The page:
Despite a year of flight cancellations and increased inflation, future travel intent is showing no signs of a slowdown—indicating that 2023 is shaping up to be another big year for personal travel.
Navan dug into its search data to find the most-searched destinations for personal travel in 2023. The result? With the strong dollar, U.S. travelers in 2023 are showing strong interest in international travel.
Which destinations are drawing the most interest from travelers next year? Let’s jump in.
With future leisure travel searches on Navan up 93% year-over-year, the destinations that recorded the biggest increases in search were those that had previously limited international arrivals—especially in Asia, South Asia, and Oceania. In fact, several cities in the list didn’t even rank in searches last year (represented by N/A).
(See the top 100 trending destinations for personal travel in 2023, along with YoY rank change and share of searches.)
Navan data show that ‘stay-and-play’ destinations—popular spots for conferences or events that also offer leisure activities or attractions—will continue to dominate personal travel next year. Orlando once again nabbed the No. 1 spot on the search list, followed by Las Vegas (+0) at No. 2, and Miami (+0) at No. 10. And while some destination locations like Cancun (-1) have decreased in rank YoY, demand remains strong.
Popular Latin America and Caribbean destinations gained a strong foothold in both 2022 and 2023. In the coming year, travelers are swapping Puerto Vallarta, Mexico (-18) and Oranjestad, Aruba (-9) for Punta Cana, Dominican Republic (+27), San Jose Del Cabo, Mexico (+19), and Montego Bay, Jamaica (+10).
Due to heavy visitation restrictions during COVID-19, travelers are extremely eager to visit destinations across Oceania and Asia, according to Navan data.
Destinations such as Bangkok (+44), Sydney (+21), and Tokyo (+10) saw some of the biggest jumps in rank when compared to 2022. The data also show the addition of numerous Oceania hotspots, including Melbourne and Auckland.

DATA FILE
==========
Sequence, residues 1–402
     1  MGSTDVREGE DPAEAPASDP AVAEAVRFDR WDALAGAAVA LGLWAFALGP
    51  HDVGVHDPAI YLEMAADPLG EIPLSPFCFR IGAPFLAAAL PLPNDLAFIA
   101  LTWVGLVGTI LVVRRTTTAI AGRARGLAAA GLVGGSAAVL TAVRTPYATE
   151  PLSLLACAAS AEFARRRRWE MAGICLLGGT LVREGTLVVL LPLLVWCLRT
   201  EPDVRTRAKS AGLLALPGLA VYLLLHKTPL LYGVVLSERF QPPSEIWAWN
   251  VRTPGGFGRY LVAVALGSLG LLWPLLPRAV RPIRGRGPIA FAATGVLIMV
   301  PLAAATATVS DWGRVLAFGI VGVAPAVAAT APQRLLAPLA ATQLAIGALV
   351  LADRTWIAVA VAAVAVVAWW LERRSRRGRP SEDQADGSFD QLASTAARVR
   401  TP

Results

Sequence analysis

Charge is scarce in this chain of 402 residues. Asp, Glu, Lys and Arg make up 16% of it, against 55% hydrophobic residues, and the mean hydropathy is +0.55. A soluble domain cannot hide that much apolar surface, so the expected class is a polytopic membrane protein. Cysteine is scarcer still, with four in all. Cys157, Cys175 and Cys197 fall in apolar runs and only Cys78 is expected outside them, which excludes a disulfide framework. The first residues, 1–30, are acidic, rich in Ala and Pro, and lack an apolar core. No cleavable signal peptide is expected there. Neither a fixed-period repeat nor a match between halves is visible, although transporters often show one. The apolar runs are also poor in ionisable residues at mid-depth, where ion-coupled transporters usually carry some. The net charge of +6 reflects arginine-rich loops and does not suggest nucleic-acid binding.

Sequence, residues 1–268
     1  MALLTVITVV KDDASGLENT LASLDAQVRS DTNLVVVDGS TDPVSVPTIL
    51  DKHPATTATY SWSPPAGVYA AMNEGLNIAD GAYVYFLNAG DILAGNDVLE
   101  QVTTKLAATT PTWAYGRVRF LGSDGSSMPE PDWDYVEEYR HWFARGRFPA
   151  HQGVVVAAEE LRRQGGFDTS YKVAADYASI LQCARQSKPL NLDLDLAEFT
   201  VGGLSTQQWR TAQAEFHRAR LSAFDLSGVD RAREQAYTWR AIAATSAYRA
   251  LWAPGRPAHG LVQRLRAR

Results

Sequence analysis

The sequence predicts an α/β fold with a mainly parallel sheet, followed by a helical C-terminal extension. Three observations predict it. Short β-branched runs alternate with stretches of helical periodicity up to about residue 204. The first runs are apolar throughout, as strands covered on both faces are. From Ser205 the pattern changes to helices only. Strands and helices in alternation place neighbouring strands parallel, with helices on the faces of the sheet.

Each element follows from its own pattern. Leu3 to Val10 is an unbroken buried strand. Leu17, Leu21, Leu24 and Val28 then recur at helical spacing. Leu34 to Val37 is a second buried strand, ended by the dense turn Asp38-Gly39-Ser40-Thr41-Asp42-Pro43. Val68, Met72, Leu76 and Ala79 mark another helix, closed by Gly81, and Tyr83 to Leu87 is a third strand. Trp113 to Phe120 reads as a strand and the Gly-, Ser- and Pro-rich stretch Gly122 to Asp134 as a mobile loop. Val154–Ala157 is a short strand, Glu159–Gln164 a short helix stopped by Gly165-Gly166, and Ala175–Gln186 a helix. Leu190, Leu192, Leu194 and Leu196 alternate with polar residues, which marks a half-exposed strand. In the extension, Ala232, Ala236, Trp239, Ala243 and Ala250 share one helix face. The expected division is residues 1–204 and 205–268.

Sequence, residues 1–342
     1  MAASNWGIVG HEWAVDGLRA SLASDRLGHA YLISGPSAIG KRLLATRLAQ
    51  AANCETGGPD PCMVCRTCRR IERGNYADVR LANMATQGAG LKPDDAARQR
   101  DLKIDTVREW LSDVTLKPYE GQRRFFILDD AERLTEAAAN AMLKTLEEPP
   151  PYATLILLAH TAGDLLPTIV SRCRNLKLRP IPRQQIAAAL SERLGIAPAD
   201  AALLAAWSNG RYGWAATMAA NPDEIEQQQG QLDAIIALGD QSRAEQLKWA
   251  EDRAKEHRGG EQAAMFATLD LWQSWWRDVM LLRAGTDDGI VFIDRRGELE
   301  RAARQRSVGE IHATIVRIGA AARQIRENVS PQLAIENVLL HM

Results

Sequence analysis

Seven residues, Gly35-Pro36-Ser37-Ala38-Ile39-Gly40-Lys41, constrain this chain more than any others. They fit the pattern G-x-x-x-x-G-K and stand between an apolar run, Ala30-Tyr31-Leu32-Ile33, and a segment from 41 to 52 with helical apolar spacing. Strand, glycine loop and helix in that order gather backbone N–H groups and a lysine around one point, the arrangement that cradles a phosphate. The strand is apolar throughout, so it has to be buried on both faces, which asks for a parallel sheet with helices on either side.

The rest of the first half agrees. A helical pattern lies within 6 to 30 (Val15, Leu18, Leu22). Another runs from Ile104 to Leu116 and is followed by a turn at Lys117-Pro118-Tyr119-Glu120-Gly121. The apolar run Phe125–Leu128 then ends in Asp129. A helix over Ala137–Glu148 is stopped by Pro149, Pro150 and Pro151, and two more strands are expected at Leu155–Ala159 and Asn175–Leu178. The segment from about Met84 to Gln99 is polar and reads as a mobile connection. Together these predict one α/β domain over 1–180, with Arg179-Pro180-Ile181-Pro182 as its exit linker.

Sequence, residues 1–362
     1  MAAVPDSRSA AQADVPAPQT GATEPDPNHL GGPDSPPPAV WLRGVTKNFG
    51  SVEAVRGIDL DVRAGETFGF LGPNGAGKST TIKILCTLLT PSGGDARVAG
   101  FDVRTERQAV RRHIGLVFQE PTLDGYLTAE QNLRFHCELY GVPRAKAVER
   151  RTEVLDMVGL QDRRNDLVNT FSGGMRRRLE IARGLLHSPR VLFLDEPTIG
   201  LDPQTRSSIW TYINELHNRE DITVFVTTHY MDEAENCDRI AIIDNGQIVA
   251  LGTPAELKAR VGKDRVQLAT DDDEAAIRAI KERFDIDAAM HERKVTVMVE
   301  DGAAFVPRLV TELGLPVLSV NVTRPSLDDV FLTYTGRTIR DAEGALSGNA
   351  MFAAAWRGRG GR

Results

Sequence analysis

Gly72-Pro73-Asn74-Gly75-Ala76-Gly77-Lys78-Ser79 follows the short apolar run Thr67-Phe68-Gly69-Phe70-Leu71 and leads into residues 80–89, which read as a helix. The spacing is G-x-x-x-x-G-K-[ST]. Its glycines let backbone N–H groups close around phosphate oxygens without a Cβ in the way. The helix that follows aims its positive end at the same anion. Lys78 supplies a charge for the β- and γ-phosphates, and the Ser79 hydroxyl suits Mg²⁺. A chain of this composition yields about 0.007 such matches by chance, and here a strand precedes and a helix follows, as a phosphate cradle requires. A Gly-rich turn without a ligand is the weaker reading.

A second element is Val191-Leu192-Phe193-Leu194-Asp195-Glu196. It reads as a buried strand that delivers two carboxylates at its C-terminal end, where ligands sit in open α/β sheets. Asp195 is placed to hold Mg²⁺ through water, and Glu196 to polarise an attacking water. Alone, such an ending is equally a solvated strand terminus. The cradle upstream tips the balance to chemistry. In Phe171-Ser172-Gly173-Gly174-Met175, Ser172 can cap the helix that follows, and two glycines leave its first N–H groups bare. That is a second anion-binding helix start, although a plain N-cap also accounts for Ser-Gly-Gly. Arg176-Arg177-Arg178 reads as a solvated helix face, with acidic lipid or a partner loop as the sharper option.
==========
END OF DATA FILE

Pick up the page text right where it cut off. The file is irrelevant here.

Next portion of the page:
In 2022, the U.S. dollar reached parity with the euro for the first time in two decades, adding to an uptick in appetite for travel to Europe. Rome (+28), Lisbon (+27), Barcelona (+17), and other major European cities moved up the list a significant amount—a trend that is expected to continue well into 2023.
As one door opens, another door closes. And as travelers look to put their funds toward newly reopened destinations, a number of cities fell off of this year’s list, including Liberia (-60), Edinburgh (-44), Palm Springs (-38), and Fort Myers (-35).
As the world adapts to the new normal following heightened restrictions, travelers are eager to book. And despite concerns about the macroeconomic environment, interest in personal travel remains strong.
With this increased demand to get back to globetrotting, Navan data also show that travel patterns are shifting—particularly around blended travel.
In fact, more than a third of business trips are now being extended for leisure purposes, according to Navan data—catapulting blended travel into a category all its own. As conferences and team offsites rise in popularity and connect disparate teams, personal travel extensions of business trips will greatly affect which destinations see a rise in tourism.
As a result, companies are looking to modern travel and expense management tools like Navan to help bring the blurry line between work and travel into focus.
Explore how Navan makes it possible to seamlessly combine personal trips with business travel, and how employees can tap into corporate travel benefits to make bleisure trips easier and more convenient.
Navan analyzed hotel and flight searches with a booking start date in 2023 and a booking window of July 1, 2022–October 31, 2022, and compared that to hotel and flight bookings in 2022 based on a booking window of July 1, 2021–October 31, 2021.